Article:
War Date Document Signed issuing orders to General Alfred Duffie
(1892-1901) Born at Culpeper, Va., he graduated in the West Point class of 1851, and was commissioned brevet 2nd lieutenant, 1st U.S. Dragoons, July 1, 1851. Promoted to 2nd lieutenant, July 15, 1853; 1st lieutenant, June 7, 1855; captain, A.A.G., August 3, 1861; staff of General Nathaniel P. Banks; colonel, 1st Massachusetts Cavalry, October 7, 1861; commanded his regiment at Secessionville, James Island and Hilton Head; A.A.G., and Assistant in the Adjutant General's Office; brevet brigadier general, March 13, 1865, for dilligent, faithful and meritorious Civil War service. He remained in the Regular U.S. Army after the war, attaining rank of brigadier general and adjutant general; retired in 1893. He married the widow of U.S. Senator Stephen A. Douglas. He is buried in Arlington National Cemetery.
War Date Document Signed: 8 x 10, in ink, on imprinted letter sheet.
Adjutant General's Office
Washington, July 1st, 1863
4. Brigadier General A.N. Duffie, U.S. Volunteers having responded at the Adjutant General's Office in accordance with a telegraphic order from Head Quarters, Army of the Potomac, will await further orders in this city.
By order of the Secretary of War
Assistant Adjt. General
(Sd) E.D. Townsend
Assistant Adjutant General
[to] Genl. Duffie, National Hotel
Light age toning and wear. Very fine.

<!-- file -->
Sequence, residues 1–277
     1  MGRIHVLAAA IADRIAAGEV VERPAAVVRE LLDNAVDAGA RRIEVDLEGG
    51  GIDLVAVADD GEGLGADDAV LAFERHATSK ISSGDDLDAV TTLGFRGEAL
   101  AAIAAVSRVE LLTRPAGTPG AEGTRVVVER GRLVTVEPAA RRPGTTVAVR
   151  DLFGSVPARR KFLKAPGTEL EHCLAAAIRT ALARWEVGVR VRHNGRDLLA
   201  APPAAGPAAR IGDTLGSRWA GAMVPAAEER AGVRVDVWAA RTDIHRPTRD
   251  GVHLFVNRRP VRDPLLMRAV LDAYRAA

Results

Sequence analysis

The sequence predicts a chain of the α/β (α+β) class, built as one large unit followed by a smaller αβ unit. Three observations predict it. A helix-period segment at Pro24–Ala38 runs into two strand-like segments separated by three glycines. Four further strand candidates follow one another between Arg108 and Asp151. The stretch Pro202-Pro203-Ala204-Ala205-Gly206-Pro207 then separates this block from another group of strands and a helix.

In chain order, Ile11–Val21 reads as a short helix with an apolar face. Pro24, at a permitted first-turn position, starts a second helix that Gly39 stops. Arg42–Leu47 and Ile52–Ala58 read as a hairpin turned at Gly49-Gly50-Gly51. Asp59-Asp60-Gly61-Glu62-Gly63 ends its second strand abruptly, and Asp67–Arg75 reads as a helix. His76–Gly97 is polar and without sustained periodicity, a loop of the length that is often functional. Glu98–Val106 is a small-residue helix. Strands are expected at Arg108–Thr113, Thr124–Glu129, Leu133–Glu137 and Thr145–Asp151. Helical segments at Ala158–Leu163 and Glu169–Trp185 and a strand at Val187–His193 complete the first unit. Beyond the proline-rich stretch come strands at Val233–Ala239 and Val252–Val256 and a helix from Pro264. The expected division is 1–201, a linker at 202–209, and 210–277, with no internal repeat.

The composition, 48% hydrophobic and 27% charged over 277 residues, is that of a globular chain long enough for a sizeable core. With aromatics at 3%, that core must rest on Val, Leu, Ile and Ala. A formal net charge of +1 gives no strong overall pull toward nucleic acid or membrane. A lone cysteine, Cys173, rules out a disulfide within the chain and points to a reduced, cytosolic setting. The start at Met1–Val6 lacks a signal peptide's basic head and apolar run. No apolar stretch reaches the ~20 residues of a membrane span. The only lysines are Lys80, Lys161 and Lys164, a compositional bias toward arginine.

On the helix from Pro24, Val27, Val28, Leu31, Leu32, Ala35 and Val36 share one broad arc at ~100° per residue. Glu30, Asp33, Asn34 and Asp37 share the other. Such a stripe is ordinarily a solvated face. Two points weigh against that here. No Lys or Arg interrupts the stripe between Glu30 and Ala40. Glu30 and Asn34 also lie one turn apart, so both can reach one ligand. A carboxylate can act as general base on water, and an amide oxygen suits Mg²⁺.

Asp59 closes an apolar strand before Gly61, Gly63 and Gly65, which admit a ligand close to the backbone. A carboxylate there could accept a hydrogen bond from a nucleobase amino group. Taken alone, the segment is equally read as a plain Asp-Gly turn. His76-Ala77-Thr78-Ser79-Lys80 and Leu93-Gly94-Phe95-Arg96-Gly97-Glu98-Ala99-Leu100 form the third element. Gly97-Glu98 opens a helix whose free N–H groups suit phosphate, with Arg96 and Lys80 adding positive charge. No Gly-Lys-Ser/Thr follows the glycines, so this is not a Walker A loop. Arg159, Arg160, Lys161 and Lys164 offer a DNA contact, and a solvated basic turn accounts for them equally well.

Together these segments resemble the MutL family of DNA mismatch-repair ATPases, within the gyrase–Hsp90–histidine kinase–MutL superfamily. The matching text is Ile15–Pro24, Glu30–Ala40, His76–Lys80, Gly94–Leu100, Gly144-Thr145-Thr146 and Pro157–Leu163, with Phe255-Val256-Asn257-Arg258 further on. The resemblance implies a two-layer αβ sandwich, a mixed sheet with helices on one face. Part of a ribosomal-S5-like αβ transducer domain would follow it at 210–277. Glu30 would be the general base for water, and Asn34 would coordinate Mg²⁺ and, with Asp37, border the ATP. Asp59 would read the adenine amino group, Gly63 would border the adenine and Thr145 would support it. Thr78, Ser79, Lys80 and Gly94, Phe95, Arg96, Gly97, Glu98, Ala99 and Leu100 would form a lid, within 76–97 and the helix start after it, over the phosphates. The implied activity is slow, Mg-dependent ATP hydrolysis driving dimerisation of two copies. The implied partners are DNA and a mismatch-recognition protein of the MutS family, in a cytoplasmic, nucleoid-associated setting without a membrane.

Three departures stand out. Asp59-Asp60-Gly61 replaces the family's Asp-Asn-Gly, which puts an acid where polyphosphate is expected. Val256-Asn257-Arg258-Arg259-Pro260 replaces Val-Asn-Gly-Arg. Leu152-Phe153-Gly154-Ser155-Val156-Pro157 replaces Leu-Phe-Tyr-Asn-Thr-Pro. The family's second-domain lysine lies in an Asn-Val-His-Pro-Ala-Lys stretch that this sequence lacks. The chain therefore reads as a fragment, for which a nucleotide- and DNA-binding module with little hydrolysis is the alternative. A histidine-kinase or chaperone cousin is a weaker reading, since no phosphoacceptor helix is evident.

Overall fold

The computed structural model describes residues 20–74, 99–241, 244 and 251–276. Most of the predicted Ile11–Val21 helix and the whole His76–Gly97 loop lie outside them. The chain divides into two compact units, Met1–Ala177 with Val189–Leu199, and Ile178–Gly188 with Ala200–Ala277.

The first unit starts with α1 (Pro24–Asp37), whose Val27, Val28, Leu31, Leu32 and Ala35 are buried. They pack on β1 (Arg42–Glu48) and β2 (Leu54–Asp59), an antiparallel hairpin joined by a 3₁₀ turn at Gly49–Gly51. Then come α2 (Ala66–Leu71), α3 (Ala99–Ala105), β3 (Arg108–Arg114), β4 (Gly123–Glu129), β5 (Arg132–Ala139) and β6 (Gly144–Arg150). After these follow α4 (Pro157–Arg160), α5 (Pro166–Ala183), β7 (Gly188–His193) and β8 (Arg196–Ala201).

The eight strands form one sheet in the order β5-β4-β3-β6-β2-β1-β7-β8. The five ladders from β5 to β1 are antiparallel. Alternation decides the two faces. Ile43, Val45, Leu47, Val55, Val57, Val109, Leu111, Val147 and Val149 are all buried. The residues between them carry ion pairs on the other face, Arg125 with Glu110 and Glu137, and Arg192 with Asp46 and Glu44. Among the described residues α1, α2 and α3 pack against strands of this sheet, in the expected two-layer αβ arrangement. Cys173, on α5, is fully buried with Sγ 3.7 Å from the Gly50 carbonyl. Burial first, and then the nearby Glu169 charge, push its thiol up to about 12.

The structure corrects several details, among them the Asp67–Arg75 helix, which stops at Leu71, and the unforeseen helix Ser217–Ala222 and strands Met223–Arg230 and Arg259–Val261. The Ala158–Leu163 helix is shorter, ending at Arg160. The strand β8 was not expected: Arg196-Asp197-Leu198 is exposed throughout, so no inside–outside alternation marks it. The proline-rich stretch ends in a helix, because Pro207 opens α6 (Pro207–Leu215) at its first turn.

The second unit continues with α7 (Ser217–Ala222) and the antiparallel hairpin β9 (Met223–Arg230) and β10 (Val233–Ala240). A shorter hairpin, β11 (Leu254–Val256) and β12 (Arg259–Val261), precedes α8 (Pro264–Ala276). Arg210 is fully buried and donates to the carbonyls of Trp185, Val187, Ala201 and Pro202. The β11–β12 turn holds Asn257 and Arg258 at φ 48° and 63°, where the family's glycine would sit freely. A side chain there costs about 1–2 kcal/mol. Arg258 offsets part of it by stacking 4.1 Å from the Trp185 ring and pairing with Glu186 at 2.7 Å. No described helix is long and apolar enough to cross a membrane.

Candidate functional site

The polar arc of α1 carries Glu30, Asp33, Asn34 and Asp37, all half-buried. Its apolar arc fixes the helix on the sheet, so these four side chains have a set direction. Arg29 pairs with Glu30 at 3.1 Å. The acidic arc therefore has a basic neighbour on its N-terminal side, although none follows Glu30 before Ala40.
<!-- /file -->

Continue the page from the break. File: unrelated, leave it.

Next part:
This document came out of the personal papers of General Alfred N. Duffie, and this was his personal copy of this order. Rare.
General Alfred N. Duffie: (1835-80) Born in Paris, he was the son of a French count. He graduated from the military college of St. Cyr in 1854 and won four decorations in the Crimea. Wounded in the battle of Solferino against the Austrians, he took leave of absence to come to the U.S. in 1859, where he met and married the daughter of a prominent Staten Island family. When the Civil War broke out he resigned his commission in the French army and offered his services to the U.S. On Aug. 2, 1861, he was commissioned captain of the 2nd N.Y. Cavalry and was promoted to major in October. In July 1862, he was appointed colonel of the 1st Rhode Island Cavalry which he led in the 2nd Bull Run campaign. In March 1863 his distinguished services at the battle of Kelly's Ford got the attention of General Joe Hooker who requested his promotion to brigadier general which was granted. He commanded a division of the Cavalry Corps under General Alfred Pleasanton during the Chancellorsville campaign and the early phases of the Gettysburg campaign. After this he was ordered to the Department of West Virginia and his subsequent service was in that department under Generals' Benjamin F. Kelley, Franz Sigel, David Hunter and George Crook. In October 1864, he was captured by Confederate partisans near Bunker Hill, Va., and was not paroled until the end of February 1865.